We recently moved from Boston to Austin, in doing so, we had to move our data center but we still need to maintain uptime while we physically move the data center. The obvious answer was a Cloud presence to help us with the move. While this move was planned for a bit, finding an inexpensive but good provider was difficult.
We choose to use an Infrastructure as a Service (IaaS) based cloud. Into it we planned on moving 4 carefully selected workloads. Which workloads to move to the cloud was a relatively easy decision based on how our virtual environment was already split. Our customer facing systems were located together and where very well understood due to the level of monitoring we had in our virtual environment.
We moved to the chosen cloud the following systems:
- External Web services
- Database to support external services
- A Jump machine to access customer systems (a static IP was required) as well as our other cloud systems
We chose just these 4 workloads based on which of our 100s of virtual machines were required to keep the business running while the datacenter moved. The only truly required systems were those that were externally facing used for communication with customers.
Moving these workloads to the cloud could have been accomplished by direct copy of the workloads, but only if the cloud I chose had the support and if I was already running the workloads conveniently within a similar cloud structure, but that was not the case. So instead, I had to set up everything from scratch. The steps where straightforward:
- Within the cloud service deploy the virtual machines from a template, my four templates were 2 minimal CentOS, 1 minimal CentOS + MySQL, and 1 LAMP Stack.
- Deploy the applications from within the cloud virtual machines, this was a simple as setting up MailScanner + Postfix + Dovecot (which I wrote about previously in my Email Upgrade Saga) within a minimal CentOS, Setup WordPress within the LAMP Stack, Setup MySQL inside the minimal CentOS + MySQL, install the necessary communication tools within the last minimal CentOS.
- Copy my Data Over from the production systems. This stage presented the most technical issues.
- Transfer DNS from my existing DNS services to the Cloud Service, which required the Cloud to put in a reverse name look-up.
- Wait 24-48 hours until all internet DNS servers were updated before performing final data migration
- Shutdown old workload virtual machines
These steps seem fairly straightforward and they were. The big choices where to use the existing WordPress installation or start from scratch, I choose to use the existing WordPress stack. While deploying everything I created a script to handle the deployment in the future, just in case I have to do it again or I migrate my workloads to another cloud provider or back to the main site. There are some key considerations that I found when using a cloud service provider that could be helpful to others. Items that are hypervisor dependent as each hypervisor handles memory over-commit differently. The cloud I chose runs Citrix Xen Server while my workloads generally run on VMware vSphere.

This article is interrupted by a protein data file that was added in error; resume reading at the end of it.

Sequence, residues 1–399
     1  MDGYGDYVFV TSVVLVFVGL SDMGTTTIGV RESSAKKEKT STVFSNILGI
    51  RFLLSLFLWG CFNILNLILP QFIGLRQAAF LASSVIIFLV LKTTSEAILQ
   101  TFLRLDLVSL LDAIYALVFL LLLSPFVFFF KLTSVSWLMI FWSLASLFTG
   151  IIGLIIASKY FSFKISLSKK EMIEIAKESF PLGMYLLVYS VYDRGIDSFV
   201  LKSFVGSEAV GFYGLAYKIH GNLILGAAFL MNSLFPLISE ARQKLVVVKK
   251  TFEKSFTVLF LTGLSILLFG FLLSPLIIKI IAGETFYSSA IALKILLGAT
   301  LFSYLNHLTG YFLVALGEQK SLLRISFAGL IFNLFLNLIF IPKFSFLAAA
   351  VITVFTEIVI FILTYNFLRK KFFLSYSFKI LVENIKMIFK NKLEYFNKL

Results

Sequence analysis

- Shutdown any unnecessary processes, this includes Cron jobs. The problem one for me was cron jobs, there are a bunch that chew through all available memory to create the Whatis directory. Disable makewhatis and their ilk.
- Tune your LAMP stack to use only what is necessary. No need to run 1000s of web processes when the server will work just fine with a lower number but be ready to add more as necessary.
- Use an Application Performance Management tool such as New Relic to track everything your web application does and re-tune as necessary. Such tools can also email you when the site is down due to the cloud provider availability issues (if any) or system crashes from using too much memory or other reasons.
- Be a good public cloud citizen, you are sharing resources, so tune your application for those shared resources, what may work within your datacenter may not work as expected within a cloud.
The key is to plan for all aspects of a migration to the cloud, even if it is only for a short time. In this case, migrating the application code was the easy part with data migration being the more difficult part. We had to migrate the following data:
- WordPress database records (twice for some aspects of the data). The second data migration was a limited subset based on knowledge of the data. The goal was to ensure we had the most up to date statistics data after the DNS switch over, which can take 48 hours in some places.
- Email accounts. Email account data, such as folders, and unread email, etc. had to be migrated.
A well orchestrated plan, scripting, and knowledge of your data will improve any cloud migration. But also understand not only how the application works but how the underlying operating system works. The makewhatis cron job caused our cloud services to crash with out of memory issues. It was not the application running that caused the problem, but a relatively useless cron daemon that is available on all systems.
Would we have caught that with a scripted install? Not really, each cloud is different. Now it is part of our scripted install of the OS and applications!